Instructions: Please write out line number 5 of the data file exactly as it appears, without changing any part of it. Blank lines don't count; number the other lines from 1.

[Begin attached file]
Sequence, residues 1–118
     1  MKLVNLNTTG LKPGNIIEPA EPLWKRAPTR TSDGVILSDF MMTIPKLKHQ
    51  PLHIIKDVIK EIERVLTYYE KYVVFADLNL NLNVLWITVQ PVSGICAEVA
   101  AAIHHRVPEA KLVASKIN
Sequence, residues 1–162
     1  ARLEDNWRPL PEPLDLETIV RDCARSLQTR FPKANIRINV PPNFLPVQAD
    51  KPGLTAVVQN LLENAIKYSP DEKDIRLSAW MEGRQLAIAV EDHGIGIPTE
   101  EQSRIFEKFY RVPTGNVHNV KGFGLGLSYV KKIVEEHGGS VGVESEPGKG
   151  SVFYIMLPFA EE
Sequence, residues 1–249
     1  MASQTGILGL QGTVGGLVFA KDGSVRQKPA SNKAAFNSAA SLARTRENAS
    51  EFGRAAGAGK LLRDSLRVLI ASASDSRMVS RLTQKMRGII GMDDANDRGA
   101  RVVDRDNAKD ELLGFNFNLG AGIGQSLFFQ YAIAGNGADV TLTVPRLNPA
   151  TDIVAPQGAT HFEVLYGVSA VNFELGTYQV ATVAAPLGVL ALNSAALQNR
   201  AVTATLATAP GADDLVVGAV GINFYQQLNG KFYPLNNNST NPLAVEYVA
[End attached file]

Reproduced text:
Sequence, residues 1–162